The Fallacy of Passion: There’s No Such Thing as Following Your Passion

I don’t believe in following a passion. And that doesn’t make me any less likely to succeed.

I took Science stream in my 11th and 12th. Maths, Physics, Chemistry; just to clarify. My school has been on last year’s top 10 CBSC schools in the country.

I did Bachelor’s (Hons) in Economics and Maths from Sri Sathya Sai University. Again, a university that consistently ranks in the top 10 list in India.

After that, I went to pursue a Masters in Economics from Toulouse School of Economics, France. Their economics department is in the top 3 in Europe, and predictably, in the top 10 list for the world.

The reason I am telling you all this is to ascertain that I have had the best of education, that I am not somehow delusional, or that I am not here sorting through sour grapes. I have been lucky enough to be a recipient of a very high standard of education, both formal and informal, academic and extra-curricular, scientific and spiritual.

And believe me when I say that I have forayed (wandered, rather) farther from the mainstream than most Indians do in their lifetime. So when I say I don’t believe in following a passion, it’s not because I don’t have a passion, or that I am somehow incapable of following one, because educationally and financially, I am more than capable of doing so.

I am a writer, and writing is not my passion.

It seems weird to say that writing is not my passion. Especially since I am a full-time writer! But that’s true: Writing is not my passion. 

That’s because true passion is a very rare thing. It doesn’t come easy, and it certainly is not exclusive or everlasting.

Translation: It’s hard to find a passion. You can be passionate about more than one thing. And, you can develop new passions (or forget old ones) as the time goes by.

I used to think that writing is my passion. But later on, I realised that what really gave me joy was writing itself, but the sense of creative ownership that writing provided. Once I had learnt that I soon discovered that other forms of expression — design in particular — gave me a similar sense of content and happiness.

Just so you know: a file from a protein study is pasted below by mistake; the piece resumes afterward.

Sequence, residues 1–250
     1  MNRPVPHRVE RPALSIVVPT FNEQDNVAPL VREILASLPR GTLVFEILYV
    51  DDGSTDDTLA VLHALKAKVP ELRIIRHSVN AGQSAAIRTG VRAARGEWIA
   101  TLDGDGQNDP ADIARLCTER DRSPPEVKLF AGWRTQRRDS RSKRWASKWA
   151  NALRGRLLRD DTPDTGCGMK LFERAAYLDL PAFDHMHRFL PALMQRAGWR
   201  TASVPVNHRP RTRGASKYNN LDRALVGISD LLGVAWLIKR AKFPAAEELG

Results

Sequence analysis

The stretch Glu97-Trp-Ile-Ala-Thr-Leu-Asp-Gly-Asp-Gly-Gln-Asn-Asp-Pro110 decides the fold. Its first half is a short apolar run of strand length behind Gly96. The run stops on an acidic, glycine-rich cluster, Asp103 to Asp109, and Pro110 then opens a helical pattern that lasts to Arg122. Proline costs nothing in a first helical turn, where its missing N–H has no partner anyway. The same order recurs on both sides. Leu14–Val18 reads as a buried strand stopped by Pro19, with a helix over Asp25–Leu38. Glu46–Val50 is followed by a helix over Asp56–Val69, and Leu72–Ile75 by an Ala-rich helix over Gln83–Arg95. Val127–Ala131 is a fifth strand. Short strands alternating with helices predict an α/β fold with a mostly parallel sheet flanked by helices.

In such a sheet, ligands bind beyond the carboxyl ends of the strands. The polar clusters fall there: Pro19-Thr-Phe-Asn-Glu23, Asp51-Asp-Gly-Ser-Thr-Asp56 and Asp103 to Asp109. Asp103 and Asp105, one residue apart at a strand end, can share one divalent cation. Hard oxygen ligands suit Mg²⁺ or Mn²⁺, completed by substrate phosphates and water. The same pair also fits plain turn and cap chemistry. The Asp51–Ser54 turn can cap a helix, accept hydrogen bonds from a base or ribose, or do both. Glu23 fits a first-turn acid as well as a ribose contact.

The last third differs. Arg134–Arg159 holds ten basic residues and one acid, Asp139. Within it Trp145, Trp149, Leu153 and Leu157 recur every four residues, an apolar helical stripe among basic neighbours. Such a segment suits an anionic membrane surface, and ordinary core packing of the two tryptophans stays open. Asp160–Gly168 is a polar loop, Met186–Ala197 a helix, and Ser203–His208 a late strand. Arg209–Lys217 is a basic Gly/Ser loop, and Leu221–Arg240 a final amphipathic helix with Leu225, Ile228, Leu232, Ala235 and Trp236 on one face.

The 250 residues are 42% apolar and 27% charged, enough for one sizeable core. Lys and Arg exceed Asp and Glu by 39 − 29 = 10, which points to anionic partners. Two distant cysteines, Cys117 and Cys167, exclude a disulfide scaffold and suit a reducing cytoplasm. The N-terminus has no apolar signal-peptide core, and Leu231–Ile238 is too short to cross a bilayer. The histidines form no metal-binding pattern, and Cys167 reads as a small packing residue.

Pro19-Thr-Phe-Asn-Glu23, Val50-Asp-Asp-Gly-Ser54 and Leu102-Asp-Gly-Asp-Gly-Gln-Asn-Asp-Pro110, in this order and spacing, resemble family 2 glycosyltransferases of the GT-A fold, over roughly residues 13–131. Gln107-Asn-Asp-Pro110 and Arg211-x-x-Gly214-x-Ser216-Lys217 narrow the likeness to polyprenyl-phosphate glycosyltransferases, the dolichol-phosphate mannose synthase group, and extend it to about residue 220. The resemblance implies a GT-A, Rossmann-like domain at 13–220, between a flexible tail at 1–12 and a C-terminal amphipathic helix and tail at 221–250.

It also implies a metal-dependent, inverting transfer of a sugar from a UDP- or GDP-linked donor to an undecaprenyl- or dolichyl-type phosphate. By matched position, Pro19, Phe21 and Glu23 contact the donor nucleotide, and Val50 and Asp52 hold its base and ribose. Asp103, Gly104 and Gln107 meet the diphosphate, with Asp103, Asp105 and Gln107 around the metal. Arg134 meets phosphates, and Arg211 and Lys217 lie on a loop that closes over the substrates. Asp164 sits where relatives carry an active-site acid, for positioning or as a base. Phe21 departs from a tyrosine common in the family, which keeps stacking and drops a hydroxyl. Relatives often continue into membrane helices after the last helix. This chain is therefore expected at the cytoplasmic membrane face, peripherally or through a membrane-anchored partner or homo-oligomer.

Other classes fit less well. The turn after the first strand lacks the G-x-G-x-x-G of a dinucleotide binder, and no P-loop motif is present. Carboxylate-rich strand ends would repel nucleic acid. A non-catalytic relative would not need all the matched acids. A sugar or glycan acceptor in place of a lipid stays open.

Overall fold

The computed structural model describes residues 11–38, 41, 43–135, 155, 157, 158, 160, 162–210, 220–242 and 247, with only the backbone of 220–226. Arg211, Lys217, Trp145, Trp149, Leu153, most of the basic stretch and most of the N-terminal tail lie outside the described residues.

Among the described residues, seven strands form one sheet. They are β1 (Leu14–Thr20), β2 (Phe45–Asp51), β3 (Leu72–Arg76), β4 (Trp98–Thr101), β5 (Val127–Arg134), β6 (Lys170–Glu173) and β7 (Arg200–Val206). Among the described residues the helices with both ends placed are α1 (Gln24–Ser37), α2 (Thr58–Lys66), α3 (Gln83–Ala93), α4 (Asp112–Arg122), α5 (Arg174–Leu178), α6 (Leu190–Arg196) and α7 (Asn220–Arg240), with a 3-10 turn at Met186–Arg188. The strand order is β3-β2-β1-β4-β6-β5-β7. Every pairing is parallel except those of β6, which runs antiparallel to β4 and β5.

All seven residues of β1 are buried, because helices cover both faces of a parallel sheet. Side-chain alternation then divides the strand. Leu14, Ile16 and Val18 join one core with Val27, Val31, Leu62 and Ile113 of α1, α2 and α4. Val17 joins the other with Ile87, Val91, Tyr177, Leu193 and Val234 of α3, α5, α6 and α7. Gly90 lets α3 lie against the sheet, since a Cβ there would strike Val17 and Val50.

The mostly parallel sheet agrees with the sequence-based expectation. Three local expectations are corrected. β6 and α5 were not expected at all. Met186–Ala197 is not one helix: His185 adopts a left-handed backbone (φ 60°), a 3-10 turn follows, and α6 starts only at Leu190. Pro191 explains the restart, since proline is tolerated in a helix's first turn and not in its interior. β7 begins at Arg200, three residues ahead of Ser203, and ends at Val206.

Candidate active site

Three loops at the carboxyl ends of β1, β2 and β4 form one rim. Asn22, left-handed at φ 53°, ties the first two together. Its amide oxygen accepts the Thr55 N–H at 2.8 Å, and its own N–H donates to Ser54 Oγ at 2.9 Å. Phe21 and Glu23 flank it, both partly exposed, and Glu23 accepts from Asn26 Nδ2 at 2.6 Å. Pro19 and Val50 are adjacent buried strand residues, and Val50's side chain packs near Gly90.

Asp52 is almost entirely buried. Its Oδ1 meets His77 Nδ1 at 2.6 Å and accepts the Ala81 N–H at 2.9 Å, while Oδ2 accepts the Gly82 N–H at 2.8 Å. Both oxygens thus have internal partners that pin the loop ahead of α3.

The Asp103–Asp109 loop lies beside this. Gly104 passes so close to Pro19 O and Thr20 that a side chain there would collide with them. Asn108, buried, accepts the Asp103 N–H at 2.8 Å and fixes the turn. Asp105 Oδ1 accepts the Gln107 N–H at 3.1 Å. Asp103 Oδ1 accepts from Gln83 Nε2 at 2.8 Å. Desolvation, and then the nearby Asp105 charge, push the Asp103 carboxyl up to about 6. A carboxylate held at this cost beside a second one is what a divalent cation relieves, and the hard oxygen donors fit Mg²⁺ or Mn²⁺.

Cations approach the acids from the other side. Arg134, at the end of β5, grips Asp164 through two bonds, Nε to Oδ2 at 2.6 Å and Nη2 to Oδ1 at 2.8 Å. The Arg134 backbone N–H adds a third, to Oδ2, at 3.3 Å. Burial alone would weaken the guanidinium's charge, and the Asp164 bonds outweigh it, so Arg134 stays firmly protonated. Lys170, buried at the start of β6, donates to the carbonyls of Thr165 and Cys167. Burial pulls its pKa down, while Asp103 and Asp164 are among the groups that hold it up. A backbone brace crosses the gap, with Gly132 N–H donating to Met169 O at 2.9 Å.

So you see, you shouldn’t get attached to the act itself, rather be attached to the underlying principles.

Steve Jobs is a great example. He wanted to build beautiful stuff. So he started Apple. Then he got thrown out of his own company. So he started Pixar. Now making computers/electronics is way different from making animation films. Then how come Steve just gave up on his dream of building computers. Was the Mac not his passion?

Answer: No, it wasn’t. His passion was building beautiful stuff. As long as he was making products that are beautiful, and well made, and of the highest quality in their respective field, Steve Jobs was satisfied. It didn’t matter what he made, so long as he made them better than everyone else.

Steve’s passion was making beauty.

So, by all means, look for something that makes you happy. But then don’t just stop there. Go a step further. Find out why is it that makes you happy.

And then go another step further and find out other things like that that give you a similar joy.

There’s a more fundamental business lesson also within this exercise of finding similarly “passionate” streams. And that’s called —


There’s a huge market of “niche products and services”, but we’ll discuss them in later posts of this series.

We’ll also discuss Steve Jobs is some more detail and see how he managed to dismantle industry after industry by working the niche market. That’s going to be in part 2 of this Passion Series.

So stick around and follow this space for more discussions such as these.


Before I end, I would like to point out that this post isn’t about me giving you advice. I don’t know if what I think is the correct way of thinking. I don’t even know if there is correct way of thinking. What I do know is what I feel and what I have felt. And that’s why I am writing this. To share my experience. You can do what you want with that information.

Here, I would like to quote one of my favourite writer/entrepreneur/podcaster, James Altucher. This is what he has to say about giving advice:

Nobody wants my advice. Nobody listens anyway. And they shouldn’t.

I like to tell a story instead. THIS is what happened to me. I hung around with people who I knew I shouldn’t and then I lost a ton of money. A short story about love, lust, greed, envy, and me. That’s not advice. It’s a story. People can take what they want from it.

Another story: I dated someone who drank at least five to ten glasses of wine every day. We started getting more serious. I thought she would stop. Soon, I was drinking a lot every day. We’d get into huge arguments. I’d oversleep. I missed important meetings. I lost friends.

Bad things happened.
So I can’t say: “don’t hang out with bad people” because I did it many times and always thought the result would be different. But I can tell the story of what happened to me and you can decide whether or not to follow.
Else, don’t listen to my advice.”

Note: This post was originally written for, and published on StartupSutra by the same author. This is only a re-blog.

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